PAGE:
The Territory Act seeks to serve the "public convenience and necessity" by avoiding the wasteful duplication of effort in the furnishing of retail electric service. Implicitly, the Territory Act gives preference to the interests of the public in general over the preference of a particular electric consumer to have a certain supplier furnish it with electricity. The filing of an application and the $15.00 refundable membership fee does not give an individual consumer the right to select its supplier; rather, it allows the supplier a method of obtaining compliance with its regulations. The application procedure is rationally related to serving the public convenience and necessity by promoting the orderly development of electric transmission lines. Penn United's argument that a holding requiring it to join Central Electric Cooperative would infringe upon its constitutional right to assemble is incredible and is dismissed without further comment. We therefore affirm the Administrative Law Judge, whose decision was adopted by the Commission, that the Territory Act requires Penn United, as retail electric consumer, to make proper application to the retail electric supplier within whose certified territory it is located and that it must accept that supplier's service.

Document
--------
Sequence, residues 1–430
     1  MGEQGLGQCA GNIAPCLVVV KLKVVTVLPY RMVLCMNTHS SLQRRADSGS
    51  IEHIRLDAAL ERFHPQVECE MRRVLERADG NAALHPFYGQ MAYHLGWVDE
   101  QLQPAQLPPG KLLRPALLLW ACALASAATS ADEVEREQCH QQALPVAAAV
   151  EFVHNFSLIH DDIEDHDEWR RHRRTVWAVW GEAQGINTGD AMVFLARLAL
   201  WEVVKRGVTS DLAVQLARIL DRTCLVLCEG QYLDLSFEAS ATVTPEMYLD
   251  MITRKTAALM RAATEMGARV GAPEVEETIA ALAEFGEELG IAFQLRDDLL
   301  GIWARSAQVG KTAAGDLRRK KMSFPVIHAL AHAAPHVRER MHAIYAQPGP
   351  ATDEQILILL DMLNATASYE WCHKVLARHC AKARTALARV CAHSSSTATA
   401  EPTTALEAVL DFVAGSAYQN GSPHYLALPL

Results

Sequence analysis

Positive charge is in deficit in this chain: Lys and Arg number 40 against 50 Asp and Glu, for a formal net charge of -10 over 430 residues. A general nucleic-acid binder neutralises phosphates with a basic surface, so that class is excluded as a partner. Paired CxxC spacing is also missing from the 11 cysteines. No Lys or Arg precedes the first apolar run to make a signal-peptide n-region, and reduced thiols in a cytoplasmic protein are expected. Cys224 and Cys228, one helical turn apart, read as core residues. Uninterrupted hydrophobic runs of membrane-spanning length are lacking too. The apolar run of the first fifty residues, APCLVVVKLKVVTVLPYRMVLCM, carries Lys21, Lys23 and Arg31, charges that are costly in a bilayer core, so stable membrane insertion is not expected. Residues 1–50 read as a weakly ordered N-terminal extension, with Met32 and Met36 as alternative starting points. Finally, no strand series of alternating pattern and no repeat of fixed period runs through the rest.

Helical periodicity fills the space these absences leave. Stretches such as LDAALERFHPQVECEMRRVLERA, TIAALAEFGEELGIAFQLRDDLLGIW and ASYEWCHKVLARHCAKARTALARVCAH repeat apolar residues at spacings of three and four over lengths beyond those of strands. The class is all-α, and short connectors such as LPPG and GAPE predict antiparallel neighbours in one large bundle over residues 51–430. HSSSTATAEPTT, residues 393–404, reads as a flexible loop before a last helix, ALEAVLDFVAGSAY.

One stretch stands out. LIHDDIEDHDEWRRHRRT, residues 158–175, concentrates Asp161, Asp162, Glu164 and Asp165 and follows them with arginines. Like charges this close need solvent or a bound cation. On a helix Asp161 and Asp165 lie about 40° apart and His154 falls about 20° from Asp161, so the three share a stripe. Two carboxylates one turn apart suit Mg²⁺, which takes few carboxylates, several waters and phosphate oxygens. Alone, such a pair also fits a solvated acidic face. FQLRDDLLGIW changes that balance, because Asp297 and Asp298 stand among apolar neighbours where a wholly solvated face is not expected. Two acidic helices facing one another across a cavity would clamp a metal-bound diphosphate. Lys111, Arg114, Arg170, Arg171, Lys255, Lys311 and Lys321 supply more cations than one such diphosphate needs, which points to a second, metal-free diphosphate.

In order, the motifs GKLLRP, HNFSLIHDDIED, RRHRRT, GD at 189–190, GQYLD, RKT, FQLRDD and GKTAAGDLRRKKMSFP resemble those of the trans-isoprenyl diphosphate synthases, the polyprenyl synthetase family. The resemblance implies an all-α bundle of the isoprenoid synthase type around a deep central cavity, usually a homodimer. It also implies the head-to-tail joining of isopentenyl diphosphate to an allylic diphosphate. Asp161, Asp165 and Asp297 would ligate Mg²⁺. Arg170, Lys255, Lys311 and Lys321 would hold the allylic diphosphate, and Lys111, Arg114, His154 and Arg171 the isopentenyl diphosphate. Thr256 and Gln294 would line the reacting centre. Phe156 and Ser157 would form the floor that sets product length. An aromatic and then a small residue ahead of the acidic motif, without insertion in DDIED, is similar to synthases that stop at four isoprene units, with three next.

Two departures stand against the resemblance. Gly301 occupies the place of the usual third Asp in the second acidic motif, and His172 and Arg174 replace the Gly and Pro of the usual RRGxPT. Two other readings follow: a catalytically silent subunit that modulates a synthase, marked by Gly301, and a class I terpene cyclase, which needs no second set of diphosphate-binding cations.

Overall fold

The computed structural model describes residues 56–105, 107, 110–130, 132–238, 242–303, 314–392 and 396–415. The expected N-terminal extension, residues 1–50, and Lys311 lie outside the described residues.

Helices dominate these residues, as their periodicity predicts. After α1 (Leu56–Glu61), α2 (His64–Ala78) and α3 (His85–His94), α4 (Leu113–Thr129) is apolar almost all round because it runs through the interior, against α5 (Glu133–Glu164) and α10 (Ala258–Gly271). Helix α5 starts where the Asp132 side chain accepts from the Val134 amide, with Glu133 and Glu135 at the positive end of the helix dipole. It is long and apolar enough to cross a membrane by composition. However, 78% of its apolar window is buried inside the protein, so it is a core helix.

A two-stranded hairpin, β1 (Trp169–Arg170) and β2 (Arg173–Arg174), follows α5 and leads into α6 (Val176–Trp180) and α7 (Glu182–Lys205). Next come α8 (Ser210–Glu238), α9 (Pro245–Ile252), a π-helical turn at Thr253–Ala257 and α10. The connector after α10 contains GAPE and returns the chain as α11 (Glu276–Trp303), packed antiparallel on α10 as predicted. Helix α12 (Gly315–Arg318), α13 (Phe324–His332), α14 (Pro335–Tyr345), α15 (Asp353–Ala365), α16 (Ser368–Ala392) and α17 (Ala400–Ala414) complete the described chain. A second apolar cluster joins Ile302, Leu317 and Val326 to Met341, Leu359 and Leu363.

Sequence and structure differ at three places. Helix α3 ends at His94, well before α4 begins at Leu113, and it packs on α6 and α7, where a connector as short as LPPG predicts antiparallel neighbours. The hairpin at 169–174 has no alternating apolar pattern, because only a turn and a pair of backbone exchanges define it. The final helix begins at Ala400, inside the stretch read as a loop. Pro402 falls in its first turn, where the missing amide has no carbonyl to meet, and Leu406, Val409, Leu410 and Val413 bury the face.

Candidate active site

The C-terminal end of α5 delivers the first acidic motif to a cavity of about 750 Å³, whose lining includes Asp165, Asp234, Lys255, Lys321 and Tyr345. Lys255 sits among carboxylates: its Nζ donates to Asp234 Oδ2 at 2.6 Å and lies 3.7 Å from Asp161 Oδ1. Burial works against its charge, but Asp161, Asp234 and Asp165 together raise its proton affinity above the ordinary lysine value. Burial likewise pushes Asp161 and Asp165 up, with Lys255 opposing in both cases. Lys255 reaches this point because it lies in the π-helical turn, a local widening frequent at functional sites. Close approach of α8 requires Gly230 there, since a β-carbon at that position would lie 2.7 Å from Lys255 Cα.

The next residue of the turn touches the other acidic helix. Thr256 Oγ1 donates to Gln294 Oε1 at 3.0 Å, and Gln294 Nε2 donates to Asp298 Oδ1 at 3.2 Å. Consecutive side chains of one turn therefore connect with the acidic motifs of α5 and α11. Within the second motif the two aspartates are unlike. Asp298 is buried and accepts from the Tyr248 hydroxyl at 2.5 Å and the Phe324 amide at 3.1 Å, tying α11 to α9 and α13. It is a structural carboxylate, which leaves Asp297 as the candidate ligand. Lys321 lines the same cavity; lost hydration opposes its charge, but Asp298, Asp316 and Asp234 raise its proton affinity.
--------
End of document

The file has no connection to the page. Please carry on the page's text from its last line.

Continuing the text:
Penn United next contests the Commission's finding that its new facility is located within the certified territory served by Central Electric Cooperative. Since no mapping of territories nor certification has

[ 49 Pa. Commw. Page 187]